How Do I Know If My VPN Is Working? How To Test Your VPN

Michael Gargiulo - CEO, VPN.com

By: Michael Gargiulo, CEO at VPN.com

Updated: 7:21 PM ET Fri, November 13th 2020

Letter blocks stacked to make the acronym VPN.

Virtual private networks, or VPNs, are valuable tools for recreational and professional users alike. Offering a way to protect online movements and overcome challenges like geo-blocking, there’s a lot to love about VPNs. However, not all VPNs work perfectly at all times. VPNs that fail can open the door to serious security issues, leading users to ask themselves, “Is my VPN working?”

If a VPN isn’t working as expected, either in part or in full, early identification of issues as well as rapid testing and troubleshooting are essential.

How Do I Know If My VPN Is Working?

If you don’t think your VPN is working, there are a few things you can do to determine your safety online. First, it’s important to understand the main causes of why a VPN may not work. Some issues are more common than others, and understanding the symptoms of a problem can make it easier to find an appropriate fix.

Common VPN Issues

Leaks are the most common problem with standard VPNs. In essence, a leak occurs when personal information isn’t properly protected by a VPN, leaving it vulnerable to detection. There are a few different forms of VPN leaks, including:

  • IP Address Leaks: Masking IP addresses, or the unique series of numbers assigned to each device connected to a network, is among the most popular reasons for using a VPN. When an IP address leak occurs, users’ IP addresses are made vulnerable.
  • DNS Leaks: Domain Name Systems are also commonly masked by VPNs. When a DNS leak occurs, the security of an IP address may be preserved, but DNS information will be accessible. This can compromise online safety and make users a target for DNS hijacking attacks.
  • WebRTC Leaks: Web Real-Time Communication capabilities are a part of most browsers, allowing users to use voice and video chat services. However, WebRTC services can expose vulnerabilities in a VPN; some websites can use these services to access code with location information if a VPN is not keeping users properly protected.

By understanding these leaks and how they manifest, users can be better prepared for VPN tests to see if virtual private networks are working as they should.

VPN Tests

If you’re not sure whether your VPN is working as expected, there are a few things you can do to ensure your information is properly protected. These simple VPN tests make looking for leaks simple and straightforward.

Testing For IP Address Leaks

First, make sure your VPN is disabled and identify your IP address. If your ISP doesn’t make this information readily available, simply Google “what is my IP address” or visit one of the many test websites available. Knowing this can help you confirm that your VPN isn’t revealing this information to unwanted sources. Once you have your IP address, re-activate your VPN and search for your IP address again. If your search engine or website reveals the same number, you can be sure your VPN isn’t properly protecting you.

Testing For DNS Leaks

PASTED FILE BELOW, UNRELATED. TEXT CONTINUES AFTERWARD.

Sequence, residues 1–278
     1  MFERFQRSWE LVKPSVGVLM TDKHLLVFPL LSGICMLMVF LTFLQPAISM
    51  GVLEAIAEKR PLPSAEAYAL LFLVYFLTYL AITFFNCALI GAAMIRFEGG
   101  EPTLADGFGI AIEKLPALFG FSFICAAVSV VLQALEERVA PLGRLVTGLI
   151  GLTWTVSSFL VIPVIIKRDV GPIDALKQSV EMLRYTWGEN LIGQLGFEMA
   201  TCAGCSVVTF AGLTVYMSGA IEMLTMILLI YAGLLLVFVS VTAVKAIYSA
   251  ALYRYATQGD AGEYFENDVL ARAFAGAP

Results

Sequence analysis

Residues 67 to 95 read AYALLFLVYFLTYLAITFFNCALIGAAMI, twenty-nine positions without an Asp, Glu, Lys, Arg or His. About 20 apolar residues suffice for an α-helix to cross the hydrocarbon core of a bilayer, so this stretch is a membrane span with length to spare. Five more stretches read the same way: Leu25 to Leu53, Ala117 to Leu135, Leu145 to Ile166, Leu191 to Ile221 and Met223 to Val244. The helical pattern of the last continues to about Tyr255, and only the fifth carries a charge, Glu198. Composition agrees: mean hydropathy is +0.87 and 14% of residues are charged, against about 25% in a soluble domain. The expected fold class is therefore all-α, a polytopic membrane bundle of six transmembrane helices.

Testing for IP address leaks is a good first step, but doing so may not reveal other kinds of leaks. DNS leaks, for example, may not be immediately evident when looking for issues with properly masking an IP address. However, there are resources available that make this process relatively simple. DNSLeakTest is a free site that can reveal potential DNS leaks. Users can choose between a standard and an extended test to determine whether a breach has occurred. These tests will reveal what servers are able to provide information to websites. If any of the servers identified in the test do not match your VPN, you have a DNS leak.

Testing For WebRTC Leaks

WebRTC leaks may coincide with IP and DNS leaks but can occur independently of other problems. You can determine whether you’re facing a WebRTC leak by using the WebRTC Testing website. As with IP address leak testing, be sure you know your network IP address. On the testing page, verify that the private IP listed is different than the public IP address specific to your device. If it isn’t, you may be facing a WebRTC leak.

My VPN Isn’t Working — What Now?

Detecting a leak is the first step. The next, of course, is fixing it. If you purchased a VPN from a reliable and trusted vendor, helpdesk and troubleshooting resources should be available. The steps provided, which can range from rebooting your computer to downloading a patch or update, can help you identify and rectify issues. If standard fixes aren’t adequate to resolve your issues, you may need to contact your VPN provider for more specific information.

If your VPN has problems with leaks regularly, selecting a different VPN might be the best path forward. Some products are better than others, so investing in a higher quality VPN may provide better service with reduced complications.

As a common VPN user, you want to ask yourself “Is my VPN working?” regularly. Only frequent checks can ensure your VPN is protecting you properly and you aren’t at risk of revealing private information through IP address, DNS, or WebRTC leaks.

Want to find the right VPN for your personal or business needs? Check out VPN.com’s expert reviews, rankings, and recommendations to make an informed purchasing decision.

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